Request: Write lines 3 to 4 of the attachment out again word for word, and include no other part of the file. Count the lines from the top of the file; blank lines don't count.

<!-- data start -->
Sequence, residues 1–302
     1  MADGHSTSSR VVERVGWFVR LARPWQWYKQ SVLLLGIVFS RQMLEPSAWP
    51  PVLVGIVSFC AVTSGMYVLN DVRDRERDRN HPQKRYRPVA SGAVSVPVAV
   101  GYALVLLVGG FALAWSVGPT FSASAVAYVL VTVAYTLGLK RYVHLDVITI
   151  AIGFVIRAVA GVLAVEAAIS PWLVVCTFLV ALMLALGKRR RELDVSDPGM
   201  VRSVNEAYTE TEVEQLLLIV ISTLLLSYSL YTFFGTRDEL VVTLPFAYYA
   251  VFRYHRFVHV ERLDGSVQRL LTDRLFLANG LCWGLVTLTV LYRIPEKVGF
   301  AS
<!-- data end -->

    51  PVLVGIVSFC AVTSGMYVLN DVRDRERDRN HPQKRYRPVA SGAVSVPVAV
   101  GYALVLLVGG FALAWSVGPT FSASAVAYVL VTVAYTLGLK RYVHLDVITI